The Rebirth of Cool: Old 97’s singer Rhett Miller juggles solo career, band projects and beer cans

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Old 97’s singer Rhett Miller can maintain his cool, even during a Final Destination-like scenario in New York City.

“You know, while we were talking, I crossed the Brooklyn Bridge. It was beautiful,” Miller says.

“Then a Budweiser truck dropped a case of beer and I managed to avoid the spinning cans.”

Miller’s days aren’t usually this dodgy. He’s preparing to release a solo album and Old 97’s is readying a Christmas collection of original songs. On Wednesday, October 3, the alt-country quartet will come together for a gig at Sun Devil Stadium on the Coca-Cola Sun Deck.

“We have a lot of great memories from our early trips to Arizona, probably 1993 to 1995,” Miller says. “We played once with the Gin Blossoms, when they were the big hometown heroes. There’s a cool music scene hiding down in Arizona.”

Miller has 25 years of memories with Old 97’s, who have about a dozen studio albums under their collective belt.

“It doesn’t seem possible,” he says with a laugh.

“Every show is something of a retrospective because of this. I spend a lot of time on the setlist. I try and make sure no era is left out. We have a lot of records. I find people respond to the new songs the same as the older material. Too Far to Care is widely regarded as a fan favorite. We probably play slightly more songs from the two most recent records and Too Far to Care.”

He admits, however, that creating a setlist isn’t as easy as it seems.

“I used to agonize over it for way too long,” he says. “Then I got into a groove. Because this is a one-off show, I’ll handcraft a brand new setlist.”

As an elder statesman of the alt-country world, Miller has mentored a slew of up-and-coming artists, like David Wax Museum. He calls it a nurturing, positive environment, contrary to “much of the world these days.”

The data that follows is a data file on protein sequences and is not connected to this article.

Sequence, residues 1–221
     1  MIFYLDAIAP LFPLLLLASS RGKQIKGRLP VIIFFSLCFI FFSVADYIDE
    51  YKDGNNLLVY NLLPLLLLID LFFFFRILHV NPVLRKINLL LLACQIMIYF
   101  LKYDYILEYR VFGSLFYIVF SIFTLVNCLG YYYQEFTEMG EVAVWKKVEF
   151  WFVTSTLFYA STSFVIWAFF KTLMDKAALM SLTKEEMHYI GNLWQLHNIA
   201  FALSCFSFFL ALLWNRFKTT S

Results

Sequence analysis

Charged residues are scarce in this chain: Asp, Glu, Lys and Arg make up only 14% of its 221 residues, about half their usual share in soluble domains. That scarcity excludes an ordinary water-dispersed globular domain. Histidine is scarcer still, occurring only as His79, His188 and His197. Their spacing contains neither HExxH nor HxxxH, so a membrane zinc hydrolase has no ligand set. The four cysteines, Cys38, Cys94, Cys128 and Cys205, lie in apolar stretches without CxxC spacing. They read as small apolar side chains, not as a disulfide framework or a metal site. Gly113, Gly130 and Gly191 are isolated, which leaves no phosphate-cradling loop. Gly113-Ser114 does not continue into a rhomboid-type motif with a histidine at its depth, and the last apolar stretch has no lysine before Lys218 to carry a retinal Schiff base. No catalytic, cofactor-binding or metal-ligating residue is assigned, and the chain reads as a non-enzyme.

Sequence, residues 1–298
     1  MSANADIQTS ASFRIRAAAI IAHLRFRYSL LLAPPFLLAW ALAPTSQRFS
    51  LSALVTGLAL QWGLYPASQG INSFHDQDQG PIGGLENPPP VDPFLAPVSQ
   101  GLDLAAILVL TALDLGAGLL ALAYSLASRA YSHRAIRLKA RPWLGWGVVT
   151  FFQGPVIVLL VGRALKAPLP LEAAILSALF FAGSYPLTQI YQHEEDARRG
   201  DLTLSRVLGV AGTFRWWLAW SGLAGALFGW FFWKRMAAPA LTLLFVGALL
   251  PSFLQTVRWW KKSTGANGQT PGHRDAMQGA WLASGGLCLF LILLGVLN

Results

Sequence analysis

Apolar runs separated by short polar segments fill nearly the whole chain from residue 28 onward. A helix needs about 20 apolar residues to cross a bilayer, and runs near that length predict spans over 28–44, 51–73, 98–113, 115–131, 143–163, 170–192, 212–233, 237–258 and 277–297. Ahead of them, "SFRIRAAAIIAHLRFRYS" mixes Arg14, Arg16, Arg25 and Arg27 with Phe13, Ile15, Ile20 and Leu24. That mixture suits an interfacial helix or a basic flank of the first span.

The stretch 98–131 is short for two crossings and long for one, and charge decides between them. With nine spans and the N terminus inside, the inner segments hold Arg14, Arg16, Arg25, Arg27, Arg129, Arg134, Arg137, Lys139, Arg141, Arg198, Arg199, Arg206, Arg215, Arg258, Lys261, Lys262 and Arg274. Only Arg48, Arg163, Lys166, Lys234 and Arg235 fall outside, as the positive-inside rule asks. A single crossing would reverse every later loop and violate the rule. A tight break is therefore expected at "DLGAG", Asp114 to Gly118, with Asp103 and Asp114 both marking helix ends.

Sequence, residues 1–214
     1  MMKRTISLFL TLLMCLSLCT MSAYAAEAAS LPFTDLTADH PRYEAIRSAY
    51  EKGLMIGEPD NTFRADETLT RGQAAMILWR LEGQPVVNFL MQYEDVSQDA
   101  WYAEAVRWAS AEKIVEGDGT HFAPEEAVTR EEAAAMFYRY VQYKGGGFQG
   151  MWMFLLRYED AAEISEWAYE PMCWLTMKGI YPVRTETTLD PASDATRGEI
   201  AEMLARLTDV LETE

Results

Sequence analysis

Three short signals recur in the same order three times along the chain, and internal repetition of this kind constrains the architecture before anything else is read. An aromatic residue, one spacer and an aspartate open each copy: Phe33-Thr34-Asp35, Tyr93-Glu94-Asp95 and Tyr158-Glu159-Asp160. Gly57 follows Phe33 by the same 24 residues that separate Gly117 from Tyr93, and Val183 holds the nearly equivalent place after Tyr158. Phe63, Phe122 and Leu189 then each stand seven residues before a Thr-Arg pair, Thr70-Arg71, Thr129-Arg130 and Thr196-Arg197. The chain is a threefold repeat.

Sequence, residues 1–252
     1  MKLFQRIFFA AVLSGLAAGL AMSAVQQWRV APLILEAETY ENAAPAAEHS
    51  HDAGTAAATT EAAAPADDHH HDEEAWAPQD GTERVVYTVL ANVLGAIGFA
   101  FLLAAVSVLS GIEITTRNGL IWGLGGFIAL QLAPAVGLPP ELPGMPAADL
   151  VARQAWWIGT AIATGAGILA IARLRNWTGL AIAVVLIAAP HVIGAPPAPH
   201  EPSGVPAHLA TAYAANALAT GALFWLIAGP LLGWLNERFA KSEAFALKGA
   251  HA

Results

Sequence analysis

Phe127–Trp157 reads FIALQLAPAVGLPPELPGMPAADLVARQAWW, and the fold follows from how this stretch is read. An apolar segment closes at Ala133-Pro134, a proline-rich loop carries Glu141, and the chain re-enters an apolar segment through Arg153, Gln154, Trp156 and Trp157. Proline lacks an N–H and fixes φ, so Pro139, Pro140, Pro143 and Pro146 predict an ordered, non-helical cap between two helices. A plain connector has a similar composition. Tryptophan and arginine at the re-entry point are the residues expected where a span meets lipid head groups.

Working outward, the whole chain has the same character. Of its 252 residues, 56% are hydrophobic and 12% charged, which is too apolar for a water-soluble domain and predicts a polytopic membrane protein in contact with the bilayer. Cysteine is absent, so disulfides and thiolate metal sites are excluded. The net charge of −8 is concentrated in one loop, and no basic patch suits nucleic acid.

“The band specifically reached out and asked my advice for different things,” Miller says. “Those kids make great records. When I talk to these younger artists, I tell them talent is great, but it’s always going to be secondary to work ethic. Just put yourself out there and try.”

Miller is prolific himself. In 2017, Old 97’s released the album Graveyard Whistling, which he calls a “super fun album to record.”

“We returned to the scene of the crime of Too Far to Care,” he says. “We were just outside of El Paso and in the same room. It was definitely a time-travel experience. We worked again with Vance Powell, who’s a great producer and engineer. He has a great bedside manner. We’re not getting any younger or less cranky.”

Miller has a solo record, The Messenger, dropping in October.

“It’s a bit of a weird record,” he says. “It’s different from anything I’ve ever done on a solo record. There’s a lot of depth to it, musically and lyrically. I’m really proud of it.

“I don’t know how to get people to hear records in general, especially my solo records. I hope it’ll connect. That’s all I can do, man.”

The Old 97’s Christmas album, Love the Holidays, features nine original holiday songs plus its rendition of “Auld Lang Syne.”

“People are really going to like our original Christmas songs,” he says. “It’s hard to write a Christmas song. It’s weird to have a new challenge in the business. There are so many records and things. At a certain point, you have to do something so it’s not like you’re treading the same ground.”

Miller is flying straight from Alaska, where he’s doing a handful of solo shows, to Arizona. A light bulb goes off in Miller’s head.

“What about if I did an alphabetical tour of the United States?” he says with a laugh. “That would be cool.”

Old 97’s with Jonathan Tyler and the Northern Lights, Sun Devil Stadium’s Coca-Cola Sun Deck, 500 E. Veterans Way, Tempe, 1.800.745.3000, ticketmaster.com, 8 p.m. Wednesday, October 3, $29.50.

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